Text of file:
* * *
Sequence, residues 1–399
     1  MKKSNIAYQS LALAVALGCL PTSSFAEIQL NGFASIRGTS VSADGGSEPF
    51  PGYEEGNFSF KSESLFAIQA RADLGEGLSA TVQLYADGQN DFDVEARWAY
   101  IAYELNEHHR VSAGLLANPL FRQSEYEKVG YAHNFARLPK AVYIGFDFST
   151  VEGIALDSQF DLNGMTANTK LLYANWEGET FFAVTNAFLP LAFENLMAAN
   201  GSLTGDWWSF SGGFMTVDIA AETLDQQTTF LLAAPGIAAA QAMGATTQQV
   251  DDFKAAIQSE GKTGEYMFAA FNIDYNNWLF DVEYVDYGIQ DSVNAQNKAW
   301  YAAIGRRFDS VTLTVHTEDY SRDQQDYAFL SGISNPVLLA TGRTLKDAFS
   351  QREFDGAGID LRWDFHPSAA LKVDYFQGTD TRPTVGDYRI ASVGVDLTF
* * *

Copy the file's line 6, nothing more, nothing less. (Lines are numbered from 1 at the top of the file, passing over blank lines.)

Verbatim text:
   201  GSLTGDWWSF SGGFMTVDIA AETLDQQTTF LLAAPGIAAA QAMGATTQQV